Contact Me By Email

Atlanta, GA Weather from Weather Underground

Wednesday, April 20, 2005

The New York Times > Washington > Senator Jeffords Is Expected to Retire

The New York Times > Washington > ril 20, 2005
Senator Jeffords Is Expected to Retire
By DAVID STOUT

WASHINGTON, April 20 - Senator James M. Jeffords, the independent Vermonter whose defection from the Republican Party in the spring of 2001 gave control of the Senate to the Democrats for 18 months, has reportedly decided not to seek re-election next year.

Mr. Jeffords planned to make an announcement this afternoon in Burlington, Vt., The Associated Press reported.

If Mr. Jeffords retires at the end of his third term, intriguing political possibilities would arise. It would not be surprising, for instance, if Howard Dean, the former Vermont governor whose presidential campaign soared early and flamed out almost as suddenly, decided to try for Mr. Jeffords's seat. Mr. Dean is now the chairman of the Democratic National Committee.

The Republicans have 55 seats in the Senate, to 44 for the Democrats. Then there is Mr. Jeffords, who caucuses with the Democrats and whose departure from the Republican fold triggered an upheaval in May 2001.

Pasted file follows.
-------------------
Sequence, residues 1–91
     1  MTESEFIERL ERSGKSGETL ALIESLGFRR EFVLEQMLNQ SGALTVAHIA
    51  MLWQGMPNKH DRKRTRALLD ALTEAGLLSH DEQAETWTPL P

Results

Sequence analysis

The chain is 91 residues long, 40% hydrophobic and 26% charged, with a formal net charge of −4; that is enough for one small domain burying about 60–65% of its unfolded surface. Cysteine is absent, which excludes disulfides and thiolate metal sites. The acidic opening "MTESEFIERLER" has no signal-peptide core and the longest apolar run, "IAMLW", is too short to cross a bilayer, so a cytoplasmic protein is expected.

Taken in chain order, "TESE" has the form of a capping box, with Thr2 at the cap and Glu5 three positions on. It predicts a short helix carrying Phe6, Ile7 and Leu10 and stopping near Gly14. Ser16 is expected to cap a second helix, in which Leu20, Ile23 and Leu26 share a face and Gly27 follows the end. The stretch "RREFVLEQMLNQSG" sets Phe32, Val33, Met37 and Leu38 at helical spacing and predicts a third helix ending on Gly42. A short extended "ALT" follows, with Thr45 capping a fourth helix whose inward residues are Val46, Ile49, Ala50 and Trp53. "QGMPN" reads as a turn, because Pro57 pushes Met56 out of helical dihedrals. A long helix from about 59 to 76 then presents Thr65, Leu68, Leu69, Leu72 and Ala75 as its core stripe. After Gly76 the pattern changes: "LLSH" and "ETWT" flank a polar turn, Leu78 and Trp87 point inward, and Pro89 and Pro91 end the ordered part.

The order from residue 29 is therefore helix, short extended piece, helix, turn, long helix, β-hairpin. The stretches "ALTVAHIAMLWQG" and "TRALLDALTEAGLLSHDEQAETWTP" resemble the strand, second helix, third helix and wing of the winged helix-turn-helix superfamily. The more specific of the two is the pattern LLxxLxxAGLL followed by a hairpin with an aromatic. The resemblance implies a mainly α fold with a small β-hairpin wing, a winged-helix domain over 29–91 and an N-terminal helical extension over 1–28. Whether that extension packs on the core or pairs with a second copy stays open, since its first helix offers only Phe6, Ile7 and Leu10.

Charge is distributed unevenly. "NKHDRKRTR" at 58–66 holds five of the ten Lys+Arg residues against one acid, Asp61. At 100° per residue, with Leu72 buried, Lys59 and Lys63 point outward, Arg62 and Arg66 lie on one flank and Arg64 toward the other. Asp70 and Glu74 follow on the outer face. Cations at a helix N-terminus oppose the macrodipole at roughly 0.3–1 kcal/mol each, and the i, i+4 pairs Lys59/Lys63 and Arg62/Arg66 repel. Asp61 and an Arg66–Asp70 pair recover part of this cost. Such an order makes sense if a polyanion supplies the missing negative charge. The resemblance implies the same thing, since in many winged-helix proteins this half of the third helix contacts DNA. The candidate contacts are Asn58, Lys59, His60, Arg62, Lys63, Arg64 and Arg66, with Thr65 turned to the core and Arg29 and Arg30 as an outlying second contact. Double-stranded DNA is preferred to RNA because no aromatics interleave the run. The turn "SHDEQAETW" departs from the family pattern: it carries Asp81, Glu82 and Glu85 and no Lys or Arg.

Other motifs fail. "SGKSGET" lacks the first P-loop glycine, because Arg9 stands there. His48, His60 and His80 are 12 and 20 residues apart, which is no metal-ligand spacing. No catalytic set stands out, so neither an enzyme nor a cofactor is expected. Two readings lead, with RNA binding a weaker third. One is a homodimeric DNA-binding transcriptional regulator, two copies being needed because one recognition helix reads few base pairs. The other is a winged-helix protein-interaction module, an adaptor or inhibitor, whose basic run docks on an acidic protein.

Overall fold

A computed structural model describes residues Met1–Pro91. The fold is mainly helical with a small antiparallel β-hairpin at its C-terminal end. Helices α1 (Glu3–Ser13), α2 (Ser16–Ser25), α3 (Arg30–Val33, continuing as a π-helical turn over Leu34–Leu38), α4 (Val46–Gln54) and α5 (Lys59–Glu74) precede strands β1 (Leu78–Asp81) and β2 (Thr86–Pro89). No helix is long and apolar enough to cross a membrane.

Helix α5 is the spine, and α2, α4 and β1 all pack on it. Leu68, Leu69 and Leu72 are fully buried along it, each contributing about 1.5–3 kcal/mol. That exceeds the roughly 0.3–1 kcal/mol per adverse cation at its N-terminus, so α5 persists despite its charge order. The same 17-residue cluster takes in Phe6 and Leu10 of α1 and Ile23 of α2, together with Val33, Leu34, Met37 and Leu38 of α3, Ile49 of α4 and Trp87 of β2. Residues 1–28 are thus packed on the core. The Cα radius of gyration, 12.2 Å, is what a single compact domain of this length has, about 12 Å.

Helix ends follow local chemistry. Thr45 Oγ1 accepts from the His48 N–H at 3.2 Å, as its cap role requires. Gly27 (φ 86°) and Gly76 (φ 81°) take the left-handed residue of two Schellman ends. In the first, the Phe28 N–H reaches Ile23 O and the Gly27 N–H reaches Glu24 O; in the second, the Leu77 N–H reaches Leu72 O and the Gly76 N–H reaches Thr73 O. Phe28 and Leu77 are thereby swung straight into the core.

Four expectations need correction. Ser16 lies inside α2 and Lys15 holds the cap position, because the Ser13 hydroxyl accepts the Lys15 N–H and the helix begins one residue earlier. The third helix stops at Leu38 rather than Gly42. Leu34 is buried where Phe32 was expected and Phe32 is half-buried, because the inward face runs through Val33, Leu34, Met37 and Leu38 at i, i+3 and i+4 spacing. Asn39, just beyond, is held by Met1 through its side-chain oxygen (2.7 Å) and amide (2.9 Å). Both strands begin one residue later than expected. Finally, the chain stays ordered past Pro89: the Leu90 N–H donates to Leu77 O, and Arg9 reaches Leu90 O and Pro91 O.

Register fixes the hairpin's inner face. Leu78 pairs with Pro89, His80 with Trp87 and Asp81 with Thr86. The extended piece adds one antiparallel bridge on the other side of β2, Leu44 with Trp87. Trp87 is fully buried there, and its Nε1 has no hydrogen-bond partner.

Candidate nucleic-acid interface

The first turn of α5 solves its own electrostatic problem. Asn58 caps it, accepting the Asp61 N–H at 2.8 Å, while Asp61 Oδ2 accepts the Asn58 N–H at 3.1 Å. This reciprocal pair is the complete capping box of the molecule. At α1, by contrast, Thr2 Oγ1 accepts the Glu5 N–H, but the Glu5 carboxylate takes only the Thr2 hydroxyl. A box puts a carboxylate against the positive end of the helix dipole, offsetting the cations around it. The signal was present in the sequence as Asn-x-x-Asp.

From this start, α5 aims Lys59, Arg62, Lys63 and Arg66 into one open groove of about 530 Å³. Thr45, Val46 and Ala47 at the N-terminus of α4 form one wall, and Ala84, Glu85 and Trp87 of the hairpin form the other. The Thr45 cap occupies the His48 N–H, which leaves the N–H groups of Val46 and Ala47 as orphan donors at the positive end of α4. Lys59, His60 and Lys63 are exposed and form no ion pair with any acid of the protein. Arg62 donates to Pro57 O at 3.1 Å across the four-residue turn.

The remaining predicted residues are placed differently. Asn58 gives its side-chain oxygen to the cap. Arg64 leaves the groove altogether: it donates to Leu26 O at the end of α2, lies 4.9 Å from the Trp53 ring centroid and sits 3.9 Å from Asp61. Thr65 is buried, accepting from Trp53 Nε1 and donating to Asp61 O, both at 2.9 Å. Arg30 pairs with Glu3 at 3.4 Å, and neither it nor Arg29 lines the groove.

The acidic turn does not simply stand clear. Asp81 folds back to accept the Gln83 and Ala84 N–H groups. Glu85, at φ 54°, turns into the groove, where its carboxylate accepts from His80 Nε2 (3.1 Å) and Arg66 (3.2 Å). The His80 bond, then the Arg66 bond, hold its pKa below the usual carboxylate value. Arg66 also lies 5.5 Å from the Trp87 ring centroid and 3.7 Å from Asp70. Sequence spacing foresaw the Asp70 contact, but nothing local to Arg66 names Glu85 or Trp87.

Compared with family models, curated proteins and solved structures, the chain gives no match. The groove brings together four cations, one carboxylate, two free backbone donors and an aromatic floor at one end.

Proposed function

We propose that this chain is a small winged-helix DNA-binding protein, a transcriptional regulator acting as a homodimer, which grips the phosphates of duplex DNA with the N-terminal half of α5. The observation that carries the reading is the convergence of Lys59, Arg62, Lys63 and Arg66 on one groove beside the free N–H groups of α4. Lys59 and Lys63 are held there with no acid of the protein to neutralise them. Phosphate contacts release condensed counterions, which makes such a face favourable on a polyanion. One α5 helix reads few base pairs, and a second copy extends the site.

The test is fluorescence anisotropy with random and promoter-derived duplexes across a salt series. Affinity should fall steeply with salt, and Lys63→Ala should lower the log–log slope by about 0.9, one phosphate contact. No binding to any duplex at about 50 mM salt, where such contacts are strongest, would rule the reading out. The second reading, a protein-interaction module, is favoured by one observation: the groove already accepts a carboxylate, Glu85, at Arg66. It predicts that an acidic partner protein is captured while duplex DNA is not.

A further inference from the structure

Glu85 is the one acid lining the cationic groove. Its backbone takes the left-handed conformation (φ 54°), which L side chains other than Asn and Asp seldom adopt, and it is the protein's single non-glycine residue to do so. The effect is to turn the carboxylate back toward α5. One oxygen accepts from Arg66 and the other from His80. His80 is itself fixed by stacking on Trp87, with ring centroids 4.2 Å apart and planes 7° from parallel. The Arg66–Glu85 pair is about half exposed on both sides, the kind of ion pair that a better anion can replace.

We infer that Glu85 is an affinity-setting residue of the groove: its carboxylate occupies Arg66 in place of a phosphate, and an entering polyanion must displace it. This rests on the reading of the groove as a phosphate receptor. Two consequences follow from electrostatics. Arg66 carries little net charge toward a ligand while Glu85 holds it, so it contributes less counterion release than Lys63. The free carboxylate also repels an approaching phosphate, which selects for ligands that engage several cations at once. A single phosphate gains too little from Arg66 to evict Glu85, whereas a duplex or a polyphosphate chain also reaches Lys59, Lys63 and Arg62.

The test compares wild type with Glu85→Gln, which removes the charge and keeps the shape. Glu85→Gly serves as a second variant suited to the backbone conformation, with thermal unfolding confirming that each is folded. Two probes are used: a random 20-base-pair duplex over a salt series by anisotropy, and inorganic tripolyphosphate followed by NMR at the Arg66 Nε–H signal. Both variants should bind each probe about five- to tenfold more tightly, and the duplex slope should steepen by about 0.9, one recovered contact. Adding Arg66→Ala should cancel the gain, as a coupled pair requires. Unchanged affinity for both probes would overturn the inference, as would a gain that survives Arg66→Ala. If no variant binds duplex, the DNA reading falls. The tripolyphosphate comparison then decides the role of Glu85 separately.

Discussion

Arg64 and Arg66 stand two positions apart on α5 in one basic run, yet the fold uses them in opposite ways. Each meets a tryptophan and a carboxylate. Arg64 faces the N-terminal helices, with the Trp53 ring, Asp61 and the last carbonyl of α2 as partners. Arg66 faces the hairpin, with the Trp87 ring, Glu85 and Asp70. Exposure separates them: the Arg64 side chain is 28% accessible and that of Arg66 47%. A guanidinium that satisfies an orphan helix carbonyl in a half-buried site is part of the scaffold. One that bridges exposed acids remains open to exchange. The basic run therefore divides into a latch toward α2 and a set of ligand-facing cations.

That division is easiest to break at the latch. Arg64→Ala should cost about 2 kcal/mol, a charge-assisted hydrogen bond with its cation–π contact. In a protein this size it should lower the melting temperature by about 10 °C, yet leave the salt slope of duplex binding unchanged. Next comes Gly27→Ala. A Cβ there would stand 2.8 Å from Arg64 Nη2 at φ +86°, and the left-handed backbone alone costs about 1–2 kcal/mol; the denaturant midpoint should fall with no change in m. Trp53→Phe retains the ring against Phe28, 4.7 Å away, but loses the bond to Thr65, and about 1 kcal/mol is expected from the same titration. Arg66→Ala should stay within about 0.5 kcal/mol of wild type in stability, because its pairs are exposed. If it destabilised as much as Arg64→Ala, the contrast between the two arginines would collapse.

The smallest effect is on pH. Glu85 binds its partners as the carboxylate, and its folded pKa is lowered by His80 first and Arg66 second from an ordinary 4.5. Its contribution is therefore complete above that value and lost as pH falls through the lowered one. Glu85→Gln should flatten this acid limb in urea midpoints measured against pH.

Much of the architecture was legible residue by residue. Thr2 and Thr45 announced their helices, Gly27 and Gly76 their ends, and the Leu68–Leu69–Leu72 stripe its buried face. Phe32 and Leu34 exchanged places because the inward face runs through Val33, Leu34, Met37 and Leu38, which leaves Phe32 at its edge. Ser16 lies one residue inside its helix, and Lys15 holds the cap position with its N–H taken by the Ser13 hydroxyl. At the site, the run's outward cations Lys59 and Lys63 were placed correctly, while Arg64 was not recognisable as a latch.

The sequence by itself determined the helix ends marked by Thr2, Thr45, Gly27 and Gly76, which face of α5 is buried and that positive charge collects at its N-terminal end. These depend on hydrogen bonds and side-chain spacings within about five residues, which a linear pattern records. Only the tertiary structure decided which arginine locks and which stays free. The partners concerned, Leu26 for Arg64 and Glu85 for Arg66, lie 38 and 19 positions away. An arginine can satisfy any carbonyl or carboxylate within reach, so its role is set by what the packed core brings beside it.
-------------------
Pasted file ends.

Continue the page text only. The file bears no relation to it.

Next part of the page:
Before his defection, Republicans and Democrats had 50 seats each, but Vice President Dick Cheney's tie-breaking vote gave Republicans control of the chamber. Then Mr. Jeffords made his momentous shift on May 24, 2001, giving Democrats their razor-thin margin that lasted until the 2002 elections.

"Increasingly, I find myself in disagreement with my party," Mr. Jeffords said in 2001. "I understand that many people are more conservative than I am, and they form the Republican Party. Given the changing nature of the national party, it has become a struggle for our leaders to deal with me and for me to deal with them."

Mr. Jeffords is described in the Almanac of American Politics as one of President Bill Clinton's favorite Republicans. He was the only Republican in Congress who supported Mr. Clinton's ambitious and ultimately futile health-care plan. He left the Republican Party after refusing to go along with all of President Bush's tax cuts in 2001.

Mr. Jeffords, who will turn 71 on May 11, has had health problems, The A.P. reported today. He served in the Vermont State Senate from 1966 to 1968, was state attorney general from 1968 to 1972, then served in the United States House of Representatives from 1974 to 1988, before winning his Senate seat.

It is entirely in character for Mr. Jeffords to make important announcements in Vermont rather than in Washington. When he left the Republican Party four years ago, he made his announcement in his home state. "I wanted to be with my Vermonters," he said. "I want to go home to my people."

No comments:

Post a Comment